“I don't do romance,” I stated early on to Michael, when we were just getting to know each other. Something he mildly, with a bit of a jest, reminds me of on a regular basis.
So, I'll admit, I softened up a bit on the “not doing romance” over the years. Romance can be a neat thing, if done right. I think that what I really meant, is that I have little faith in the classic, western world idea about romance. After all, the most well-known story about romance we have, is about two overly tensed teenagers who die at the end. Which is telling. Western culture overall, seems to have a very vague notion of what romance means, and especially what it's supposed to lead to – love. There's usually a sunset, a marriage, or death, and not much else.
The idea of romance, and its correlation to love, as described in the western world, is seldom enlightening. The idea of love, it seems, is often confused with egocentric, overcharged longings and desires. Love, if separated from these childish notions, must be something grander, obviously. But what is it?
One of my favorite books on the subject matter is written by activist and feminist Bell Hooks, namely All About Love: New Visions, published 2001. In it Hooks makes the case that the idea of love is so confused in the western world, and so inter-meshed with power-structures, that it can include totally inappropriate behaviors, such as control and abuse, which can't possibly have anything to do with the concept of love per se. We would be better off, means Hooks, if we thought of love less as a feeling, and more as action, less as a noun, and more as a verb.
One of my favorite descriptions of love is made by M. Scott Peck in his book The Road Less Traveled, first published in 1978. He defines love as: “... the will to extend one's self for the sake of nurturing one's self, or another person's, spiritual growth.”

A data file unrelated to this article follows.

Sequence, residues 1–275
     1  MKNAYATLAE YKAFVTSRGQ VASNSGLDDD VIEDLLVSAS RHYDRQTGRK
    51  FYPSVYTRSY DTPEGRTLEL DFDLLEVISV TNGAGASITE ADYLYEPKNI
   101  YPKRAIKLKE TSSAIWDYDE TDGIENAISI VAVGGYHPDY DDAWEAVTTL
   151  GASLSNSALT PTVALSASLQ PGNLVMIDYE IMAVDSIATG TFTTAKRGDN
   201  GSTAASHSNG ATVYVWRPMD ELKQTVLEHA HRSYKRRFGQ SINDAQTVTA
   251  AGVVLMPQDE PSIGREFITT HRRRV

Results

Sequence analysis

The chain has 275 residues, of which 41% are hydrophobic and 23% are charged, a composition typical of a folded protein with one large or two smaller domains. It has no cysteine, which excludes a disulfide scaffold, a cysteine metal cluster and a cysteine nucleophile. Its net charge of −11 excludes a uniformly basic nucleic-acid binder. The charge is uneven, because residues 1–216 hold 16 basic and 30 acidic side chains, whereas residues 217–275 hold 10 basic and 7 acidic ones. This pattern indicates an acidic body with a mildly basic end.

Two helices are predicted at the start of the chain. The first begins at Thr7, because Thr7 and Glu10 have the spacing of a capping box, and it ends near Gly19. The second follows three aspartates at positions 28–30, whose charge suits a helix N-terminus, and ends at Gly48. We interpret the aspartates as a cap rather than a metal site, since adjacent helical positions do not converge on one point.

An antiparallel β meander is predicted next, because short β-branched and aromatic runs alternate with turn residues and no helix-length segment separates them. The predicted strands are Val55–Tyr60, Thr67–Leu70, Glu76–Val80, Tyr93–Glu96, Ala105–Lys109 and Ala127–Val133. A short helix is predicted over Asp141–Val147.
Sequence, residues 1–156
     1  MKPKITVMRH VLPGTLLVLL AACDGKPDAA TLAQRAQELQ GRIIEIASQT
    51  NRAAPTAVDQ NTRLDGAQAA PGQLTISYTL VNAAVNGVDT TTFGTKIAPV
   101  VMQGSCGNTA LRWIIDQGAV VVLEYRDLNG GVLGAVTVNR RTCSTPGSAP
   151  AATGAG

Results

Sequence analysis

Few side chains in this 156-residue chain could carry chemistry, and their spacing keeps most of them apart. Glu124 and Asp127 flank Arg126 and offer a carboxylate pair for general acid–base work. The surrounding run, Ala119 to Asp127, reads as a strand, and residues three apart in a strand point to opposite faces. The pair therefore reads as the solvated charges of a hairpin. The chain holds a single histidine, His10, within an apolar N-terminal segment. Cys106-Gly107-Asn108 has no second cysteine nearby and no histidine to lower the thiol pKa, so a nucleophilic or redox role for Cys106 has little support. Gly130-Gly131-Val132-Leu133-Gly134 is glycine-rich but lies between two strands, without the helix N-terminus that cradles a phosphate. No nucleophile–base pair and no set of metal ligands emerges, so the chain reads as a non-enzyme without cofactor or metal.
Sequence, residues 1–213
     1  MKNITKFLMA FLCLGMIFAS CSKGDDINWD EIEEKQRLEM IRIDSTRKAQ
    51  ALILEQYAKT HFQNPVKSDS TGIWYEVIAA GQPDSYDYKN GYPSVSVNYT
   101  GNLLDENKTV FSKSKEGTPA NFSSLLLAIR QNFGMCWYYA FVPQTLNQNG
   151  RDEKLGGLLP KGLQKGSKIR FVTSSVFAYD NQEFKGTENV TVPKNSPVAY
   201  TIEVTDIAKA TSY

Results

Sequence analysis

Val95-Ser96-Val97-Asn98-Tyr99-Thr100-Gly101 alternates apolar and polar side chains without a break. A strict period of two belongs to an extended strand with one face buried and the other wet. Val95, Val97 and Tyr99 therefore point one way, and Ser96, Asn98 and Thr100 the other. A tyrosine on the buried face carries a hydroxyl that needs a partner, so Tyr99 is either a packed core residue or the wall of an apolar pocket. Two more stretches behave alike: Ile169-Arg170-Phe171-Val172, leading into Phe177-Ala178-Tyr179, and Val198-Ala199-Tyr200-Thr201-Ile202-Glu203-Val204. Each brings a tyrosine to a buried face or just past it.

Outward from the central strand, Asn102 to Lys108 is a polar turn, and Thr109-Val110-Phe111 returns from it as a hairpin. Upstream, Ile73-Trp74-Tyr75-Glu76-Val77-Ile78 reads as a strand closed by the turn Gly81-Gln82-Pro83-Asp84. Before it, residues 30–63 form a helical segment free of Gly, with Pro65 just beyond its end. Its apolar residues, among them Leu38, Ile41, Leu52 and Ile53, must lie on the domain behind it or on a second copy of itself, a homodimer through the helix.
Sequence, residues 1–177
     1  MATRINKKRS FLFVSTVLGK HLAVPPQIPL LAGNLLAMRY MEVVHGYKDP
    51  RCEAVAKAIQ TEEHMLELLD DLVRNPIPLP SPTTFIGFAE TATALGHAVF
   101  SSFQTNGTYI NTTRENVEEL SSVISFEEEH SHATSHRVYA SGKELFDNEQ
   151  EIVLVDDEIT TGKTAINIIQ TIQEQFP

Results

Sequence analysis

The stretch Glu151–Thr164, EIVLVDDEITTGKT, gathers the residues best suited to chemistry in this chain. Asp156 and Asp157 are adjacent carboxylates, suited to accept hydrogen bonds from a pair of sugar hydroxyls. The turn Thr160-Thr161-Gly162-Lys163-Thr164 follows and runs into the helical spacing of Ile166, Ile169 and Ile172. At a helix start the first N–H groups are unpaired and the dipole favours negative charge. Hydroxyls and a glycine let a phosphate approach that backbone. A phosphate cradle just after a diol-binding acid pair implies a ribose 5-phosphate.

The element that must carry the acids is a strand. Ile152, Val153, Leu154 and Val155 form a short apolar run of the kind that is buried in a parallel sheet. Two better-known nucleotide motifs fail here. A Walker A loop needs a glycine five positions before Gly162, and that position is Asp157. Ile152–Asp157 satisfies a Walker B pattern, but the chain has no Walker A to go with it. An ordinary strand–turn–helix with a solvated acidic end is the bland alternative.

Thus, if we embrace this notion, it means we have to put aside our carefully crafted plans of what we want someone to be for us, and instead concentrate on what they want to be for themselves. At the same time, we have to surround ourselves with people who want to nurture our spiritual growth. That is, who want to help us become as much as we can be.
Somewhere in the tension between the nurturing of other people's growth, and our own growth, is where the great adventure begins. Somewhere in the space of mutual support there is room for love. For me.
To see people you love take on the world, and grow and prosper, to celebrate their victories, and hold them close, body and soul, when they struggle … could there be anything more satisfying in the world? Not for me. And I'm a rich woman, having people in my life that do the same for me.
Perhaps, one of these cold February days, I’ll even buy some oysters, pop that champagne, and play Aretha Franklin's “Natural Woman” on repeat. Because romance, if done right, can be a great way to show your appreciation for that one person who shares all your victories, and all your defeats, every day, and every night.
From Your Editors - February issue of The Echo World
By Sofia Karin Axelsson
Photographs: top and middle - courtesy Pixabay. Bottom - Sofia Karin Axelsson, coverpic for The Echo World, from ceremony at Rachel Mann PhD.